©2017 BY WIND OF HOPE. PROUDLY CREATED WITH WIX.COM

Support Team for

WIND OF HOPE PRE-SCHOOL, Ghazni, Afghanistan

68 Ramona Ave, San Francisco, California 94103, USA

OUR MISSION

Wind of Hope is a non-profit organization dedicated to bringing non-violent, peaceful, and cooperative Montessori-inspired home-based early childhood education to Ghazni, Afghanistan.   

Objective: To create a series of small classes, each with a teacher/mentor in a private home, using Montessori materials for early childhood development and learning.

WHY PRE-SCHOOL?

The importance of the early years in the education of a child has been well established in over a hundred years of studies, but is virtually unknown in rural Afghanistan. 

WHY MONTESORI-INSPIRED?

Montessori is a method of education that is based on self-directed activity, hands-on learning and collaborative play.

WHY HOME BASED?

The Home School is a familiar educational model in Afghanistan. It was extensively used for girls denied opportunities for regular school education under the Taliban’s repressive anti-education regime. The security situation in Afghanistan remains dangerous.

The brain develops most of its neurons and is most receptive to learning in the early years of a child. Studies have shown that early education plays a critical role during this important developmental period. Pre-school education has a positive impact on the emotional, social, and intellectual development of children throughout their entire life. Through early education, children develop numerous skills including:
 

  • Communicating cooperatively and peacefully 

  • Building self confidence

  • Learning critical thinking skills

  • Developing a positive attitude toward learning

 

Despite the importance of early education, the Afghanistan Government Ministry of Education (MofE) has no kindergarten or pre-school programs in Ghazni. Nor is there any chance of any such programs in the near or middle term because of financial constraints under which the MofE operates. At present, the MofE can only provide Afghanistan’s elementary school children with about half of the classroom time required to cover their curriculum. Throughout the country children go to school in shifts, with each child in school only about 3 hours a day (See “Report for 2015 by the Afghanistan Ministry of Education,” addressed to donor nations, on the state of education in Afghanistan, pages 19-25).

PRE-SCHOOL

The Roots

MONTESSORI-INSPIRED EDUCATION PROGRAM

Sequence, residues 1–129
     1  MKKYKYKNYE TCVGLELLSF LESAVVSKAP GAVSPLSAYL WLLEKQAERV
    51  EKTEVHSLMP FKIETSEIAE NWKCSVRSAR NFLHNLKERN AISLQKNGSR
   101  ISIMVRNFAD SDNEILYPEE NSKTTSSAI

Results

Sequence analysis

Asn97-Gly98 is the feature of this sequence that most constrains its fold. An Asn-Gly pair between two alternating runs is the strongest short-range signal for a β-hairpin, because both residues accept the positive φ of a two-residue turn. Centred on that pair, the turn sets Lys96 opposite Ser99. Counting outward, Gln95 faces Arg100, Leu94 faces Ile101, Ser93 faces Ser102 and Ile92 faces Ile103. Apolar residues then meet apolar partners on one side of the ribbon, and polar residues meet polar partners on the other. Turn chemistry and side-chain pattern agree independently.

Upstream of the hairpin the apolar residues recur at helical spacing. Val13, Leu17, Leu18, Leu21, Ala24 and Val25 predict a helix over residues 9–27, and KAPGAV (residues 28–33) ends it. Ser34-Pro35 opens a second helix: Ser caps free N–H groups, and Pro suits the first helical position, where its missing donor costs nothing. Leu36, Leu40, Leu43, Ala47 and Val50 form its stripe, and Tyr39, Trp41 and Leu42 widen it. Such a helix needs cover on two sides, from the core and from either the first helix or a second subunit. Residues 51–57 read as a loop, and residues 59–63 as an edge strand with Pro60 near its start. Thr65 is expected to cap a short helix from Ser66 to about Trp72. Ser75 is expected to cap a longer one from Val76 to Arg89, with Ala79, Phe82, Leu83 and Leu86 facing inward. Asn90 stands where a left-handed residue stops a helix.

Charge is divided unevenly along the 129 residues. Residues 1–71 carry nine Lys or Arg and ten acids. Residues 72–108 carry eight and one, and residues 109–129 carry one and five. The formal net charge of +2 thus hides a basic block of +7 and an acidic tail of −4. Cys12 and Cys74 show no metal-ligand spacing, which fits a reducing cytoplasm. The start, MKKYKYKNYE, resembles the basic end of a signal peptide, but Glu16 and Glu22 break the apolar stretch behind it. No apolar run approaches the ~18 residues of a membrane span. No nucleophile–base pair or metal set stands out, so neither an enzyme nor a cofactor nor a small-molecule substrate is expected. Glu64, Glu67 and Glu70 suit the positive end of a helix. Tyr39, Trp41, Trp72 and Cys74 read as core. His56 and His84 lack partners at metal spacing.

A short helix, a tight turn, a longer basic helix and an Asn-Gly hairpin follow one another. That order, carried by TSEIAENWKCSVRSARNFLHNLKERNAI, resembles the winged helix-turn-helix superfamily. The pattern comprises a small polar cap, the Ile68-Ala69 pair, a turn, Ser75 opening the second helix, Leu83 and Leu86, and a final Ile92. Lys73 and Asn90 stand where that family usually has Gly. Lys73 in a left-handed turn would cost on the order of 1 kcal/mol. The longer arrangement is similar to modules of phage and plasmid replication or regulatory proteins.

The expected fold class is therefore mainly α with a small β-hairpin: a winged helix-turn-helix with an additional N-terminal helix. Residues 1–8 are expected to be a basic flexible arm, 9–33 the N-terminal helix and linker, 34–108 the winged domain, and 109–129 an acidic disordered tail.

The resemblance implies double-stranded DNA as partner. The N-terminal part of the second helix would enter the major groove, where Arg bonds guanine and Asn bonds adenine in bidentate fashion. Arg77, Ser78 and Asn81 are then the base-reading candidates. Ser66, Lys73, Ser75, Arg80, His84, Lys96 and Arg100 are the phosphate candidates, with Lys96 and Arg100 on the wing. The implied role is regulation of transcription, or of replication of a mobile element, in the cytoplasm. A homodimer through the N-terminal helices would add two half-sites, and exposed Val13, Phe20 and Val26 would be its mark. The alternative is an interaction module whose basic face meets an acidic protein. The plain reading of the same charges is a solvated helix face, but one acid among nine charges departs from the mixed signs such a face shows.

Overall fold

The importance of the early years in the education of a child has been well established in over a century of studies. The Montessori educational methods for enhancing children’s early development are the most recognized and widespread across the world.

SELF-DIRECTED LEARNING

Learning to learn

Students select the physical materials of their choice with which to work and play from among the materials specifically designed to provide important lessons in math, science, social order, reading and writing. Because the child has selected the particular lesson, he or she is committed to it, and more interested in it, than if presented the subject matter chosen by the teacher (one size fits all), for the entire group of children.

PEACEFUL CLASSROOM

Dialogue, cooperation, and generosity

Students learn how to resolve disputes without resorting to violence. This is a very important aspect of the Montessori program, particularly in Afghanistan, where children have been constantly exposed to violence against women, violence against themselves, and violence by strangers against their parents and neighbors.

MENTOR

Aiding a child's impulse to learn

The Teacher in a Montessori school is not called a Teacher, but rather is known as the  “Mentor”.  In traditional schools, a teacher teaches -- but in a Montessori school, she mentors.  A Mentor helps each child’s self-directed impulse to learn.  The Mentor already understands and is committed to aiding the children in their personal exploration of the Montessori materials, rather than using the more formal rote lecture and memorization style of teaching, in which most adults in Afghan have been educated.

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